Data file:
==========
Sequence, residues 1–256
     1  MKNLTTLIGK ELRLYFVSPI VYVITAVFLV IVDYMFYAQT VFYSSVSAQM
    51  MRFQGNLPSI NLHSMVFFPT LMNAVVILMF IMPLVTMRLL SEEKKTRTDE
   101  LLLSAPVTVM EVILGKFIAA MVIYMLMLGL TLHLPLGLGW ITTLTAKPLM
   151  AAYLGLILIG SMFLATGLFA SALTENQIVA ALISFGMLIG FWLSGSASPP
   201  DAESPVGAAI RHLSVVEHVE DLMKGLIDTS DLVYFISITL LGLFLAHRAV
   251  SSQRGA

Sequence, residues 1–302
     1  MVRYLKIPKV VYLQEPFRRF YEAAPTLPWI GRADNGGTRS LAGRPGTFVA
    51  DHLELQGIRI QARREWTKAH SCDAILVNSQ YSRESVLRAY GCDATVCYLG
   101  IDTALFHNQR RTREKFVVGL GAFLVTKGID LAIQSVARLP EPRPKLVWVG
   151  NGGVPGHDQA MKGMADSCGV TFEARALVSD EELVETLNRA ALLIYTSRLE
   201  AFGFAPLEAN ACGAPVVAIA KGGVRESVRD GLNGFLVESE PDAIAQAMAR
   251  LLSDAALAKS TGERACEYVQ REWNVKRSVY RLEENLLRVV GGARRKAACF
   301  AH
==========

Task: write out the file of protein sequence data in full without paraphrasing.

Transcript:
Sequence, residues 1–256
     1  MKNLTTLIGK ELRLYFVSPI VYVITAVFLV IVDYMFYAQT VFYSSVSAQM
    51  MRFQGNLPSI NLHSMVFFPT LMNAVVILMF IMPLVTMRLL SEEKKTRTDE
   101  LLLSAPVTVM EVILGKFIAA MVIYMLMLGL TLHLPLGLGW ITTLTAKPLM
   151  AAYLGLILIG SMFLATGLFA SALTENQIVA ALISFGMLIG FWLSGSASPP
   201  DAESPVGAAI RHLSVVEHVE DLMKGLIDTS DLVYFISITL LGLFLAHRAV
   251  SSQRGA

Sequence, residues 1–302
     1  MVRYLKIPKV VYLQEPFRRF YEAAPTLPWI GRADNGGTRS LAGRPGTFVA
    51  DHLELQGIRI QARREWTKAH SCDAILVNSQ YSRESVLRAY GCDATVCYLG
   101  IDTALFHNQR RTREKFVVGL GAFLVTKGID LAIQSVARLP EPRPKLVWVG
   151  NGGVPGHDQA MKGMADSCGV TFEARALVSD EELVETLNRA ALLIYTSRLE
   201  AFGFAPLEAN ACGAPVVAIA KGGVRESVRD GLNGFLVESE PDAIAQAMAR
   251  LLSDAALAKS TGERACEYVQ REWNVKRSVY RLEENLLRVV GGARRKAACF
   301  AH